Everything Is Connected
We often take for granted just how many of our devices are connected to the internet today. Smart doorbells, refrigerators, lightbulbs, and even toasters are examples of our technology getting smarter to meet the demands of our ever-changing world. All of these devices connected to each other or the Internet, form the Internet of Things (IOT). These devices have become “smart” because they are collecting and sharing data over the internet. Your fitness tracker for example, might be tracking every step you take and sending that data to a server in the cloud. Unfortunately, many of these devices are built with security and privacy as an afterthought. It may seem harmless for a hacker to steal control of your refrigerator, but there are ways it can be valuable to them.
Our IOT devices have many cool features and are very convenient to use, but security is an often afterthought. To make matters worse some devices, like motion sensors, aren’t even capable of being updated. Let’s look at some of the potential security and privacy risks to IOT devices.
- Botnets – IOT devices have been hacked and used in botnets to perform Distributed Denial of Service (DDOS) attacks. In 2016, hackers used the Mirai malware to conduct one of the largest and most disruptive DDOS attacks ever. Mirai primarily targeted IOT devices to create its botnet and was able to successfully access them using a table of more than 60 common factory default usernames and passwords.
- Data Leaks – Due to the poor security of IOT devices, your sensitive data could be accessible by attackers. For example, there was an exploit with a Samsung Smart refrigerator that would compromise the owner’s Gmail credentials. Printers and scanners are also targets for attackers looking to steal sensitive information.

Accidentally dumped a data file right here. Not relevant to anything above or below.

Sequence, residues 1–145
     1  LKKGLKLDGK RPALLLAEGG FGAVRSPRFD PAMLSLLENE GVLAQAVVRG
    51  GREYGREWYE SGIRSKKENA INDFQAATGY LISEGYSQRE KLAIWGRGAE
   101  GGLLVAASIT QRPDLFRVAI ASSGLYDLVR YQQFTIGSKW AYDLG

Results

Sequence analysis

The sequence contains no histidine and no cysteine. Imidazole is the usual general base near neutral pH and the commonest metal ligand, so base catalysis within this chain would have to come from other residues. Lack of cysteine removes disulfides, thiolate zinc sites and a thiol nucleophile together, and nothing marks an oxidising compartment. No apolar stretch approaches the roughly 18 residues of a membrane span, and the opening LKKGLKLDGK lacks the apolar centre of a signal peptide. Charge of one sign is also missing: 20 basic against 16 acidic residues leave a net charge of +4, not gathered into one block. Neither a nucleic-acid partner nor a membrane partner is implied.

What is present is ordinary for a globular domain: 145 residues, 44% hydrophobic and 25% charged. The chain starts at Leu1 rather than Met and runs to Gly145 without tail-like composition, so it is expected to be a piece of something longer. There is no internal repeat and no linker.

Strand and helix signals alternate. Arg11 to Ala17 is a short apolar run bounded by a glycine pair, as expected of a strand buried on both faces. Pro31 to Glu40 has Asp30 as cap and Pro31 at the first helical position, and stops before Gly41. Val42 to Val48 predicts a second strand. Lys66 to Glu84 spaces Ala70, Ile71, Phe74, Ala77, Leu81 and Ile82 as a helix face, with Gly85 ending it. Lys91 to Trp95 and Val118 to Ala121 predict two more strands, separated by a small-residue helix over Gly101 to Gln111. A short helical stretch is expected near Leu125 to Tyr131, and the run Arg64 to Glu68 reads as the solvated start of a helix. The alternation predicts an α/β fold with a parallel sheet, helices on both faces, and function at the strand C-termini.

- Spying – IOT cameras are attractive targets for attackers that they can use to turn your own surveillance systems against you. It would be easy for them to determine your daily routine and what would be the best time to rob your home. They could also be eavesdropping to gain information that they could use to access other important assets or blackmail you.
How To Protect Your Devices
- Strong passwords are a must with all IOT devices. Weak passwords will give attackers an easy pathway to accessing your devices. Leaving the default passwords on your devices could be the same as leaving your door unlocked, since some of them are publicly available online.
- Make sure you update every IOT device than can be updated. When new vulnerabilities have been discovered, updates usually follow. These vulnerabilities are often publicly posted once they are fixed so it is important to be prompt with updating.
- Isolating your IOT devices on a guest network is also a potential way to minimize risks. If any of them get compromised they won’t grant access to your primary devices. In general, you should be making sure your network is being protected and that starts with securing your router.
- Disable services on IOT devices that you don’t need, like remote access. These services present an unnecessary security hole for attackers to use.